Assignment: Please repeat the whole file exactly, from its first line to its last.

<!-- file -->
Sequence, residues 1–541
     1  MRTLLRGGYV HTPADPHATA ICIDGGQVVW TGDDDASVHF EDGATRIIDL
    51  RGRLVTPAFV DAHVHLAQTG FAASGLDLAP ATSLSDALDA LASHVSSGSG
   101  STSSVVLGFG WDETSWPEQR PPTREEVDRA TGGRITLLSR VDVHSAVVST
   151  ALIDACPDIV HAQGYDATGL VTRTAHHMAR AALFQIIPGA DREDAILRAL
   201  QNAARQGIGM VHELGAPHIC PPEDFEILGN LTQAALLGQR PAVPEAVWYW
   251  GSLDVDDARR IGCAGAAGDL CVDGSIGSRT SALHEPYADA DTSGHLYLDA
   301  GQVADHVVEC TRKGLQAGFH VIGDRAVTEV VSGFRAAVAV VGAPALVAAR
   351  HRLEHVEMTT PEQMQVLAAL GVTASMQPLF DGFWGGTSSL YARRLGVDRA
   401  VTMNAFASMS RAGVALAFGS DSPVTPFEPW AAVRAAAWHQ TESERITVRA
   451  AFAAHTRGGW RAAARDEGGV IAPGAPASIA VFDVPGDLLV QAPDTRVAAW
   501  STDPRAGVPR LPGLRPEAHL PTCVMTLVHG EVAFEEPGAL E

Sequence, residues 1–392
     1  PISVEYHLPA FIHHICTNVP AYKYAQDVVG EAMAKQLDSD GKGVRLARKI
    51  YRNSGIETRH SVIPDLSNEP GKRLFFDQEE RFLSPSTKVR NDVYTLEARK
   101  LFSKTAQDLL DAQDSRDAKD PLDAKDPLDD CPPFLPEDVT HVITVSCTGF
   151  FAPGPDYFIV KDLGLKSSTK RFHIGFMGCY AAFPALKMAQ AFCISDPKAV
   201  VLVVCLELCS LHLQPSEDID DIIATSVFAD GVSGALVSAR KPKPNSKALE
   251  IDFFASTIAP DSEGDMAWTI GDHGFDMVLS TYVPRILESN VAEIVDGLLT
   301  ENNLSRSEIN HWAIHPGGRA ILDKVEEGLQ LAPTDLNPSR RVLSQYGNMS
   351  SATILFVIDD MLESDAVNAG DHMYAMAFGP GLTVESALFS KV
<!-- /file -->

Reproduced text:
Sequence, residues 1–541
     1  MRTLLRGGYV HTPADPHATA ICIDGGQVVW TGDDDASVHF EDGATRIIDL
    51  RGRLVTPAFV DAHVHLAQTG FAASGLDLAP ATSLSDALDA LASHVSSGSG
   101  STSSVVLGFG WDETSWPEQR PPTREEVDRA TGGRITLLSR VDVHSAVVST
   151  ALIDACPDIV HAQGYDATGL VTRTAHHMAR AALFQIIPGA DREDAILRAL
   201  QNAARQGIGM VHELGAPHIC PPEDFEILGN LTQAALLGQR PAVPEAVWYW
   251  GSLDVDDARR IGCAGAAGDL CVDGSIGSRT SALHEPYADA DTSGHLYLDA
   301  GQVADHVVEC TRKGLQAGFH VIGDRAVTEV VSGFRAAVAV VGAPALVAAR
   351  HRLEHVEMTT PEQMQVLAAL GVTASMQPLF DGFWGGTSSL YARRLGVDRA
   401  VTMNAFASMS RAGVALAFGS DSPVTPFEPW AAVRAAAWHQ TESERITVRA
   451  AFAAHTRGGW RAAARDEGGV IAPGAPASIA VFDVPGDLLV QAPDTRVAAW
   501  STDPRAGVPR LPGLRPEAHL PTCVMTLVHG EVAFEEPGAL E

Sequence, residues 1–392
     1  PISVEYHLPA FIHHICTNVP AYKYAQDVVG EAMAKQLDSD GKGVRLARKI
    51  YRNSGIETRH SVIPDLSNEP GKRLFFDQEE RFLSPSTKVR NDVYTLEARK
   101  LFSKTAQDLL DAQDSRDAKD PLDAKDPLDD CPPFLPEDVT HVITVSCTGF
   151  FAPGPDYFIV KDLGLKSSTK RFHIGFMGCY AAFPALKMAQ AFCISDPKAV
   201  VLVVCLELCS LHLQPSEDID DIIATSVFAD GVSGALVSAR KPKPNSKALE
   251  IDFFASTIAP DSEGDMAWTI GDHGFDMVLS TYVPRILESN VAEIVDGLLT
   301  ENNLSRSEIN HWAIHPGGRA ILDKVEEGLQ LAPTDLNPSR RVLSQYGNMS
   351  SATILFVIDD MLESDAVNAG DHMYAMAFGP GLTVESALFS KV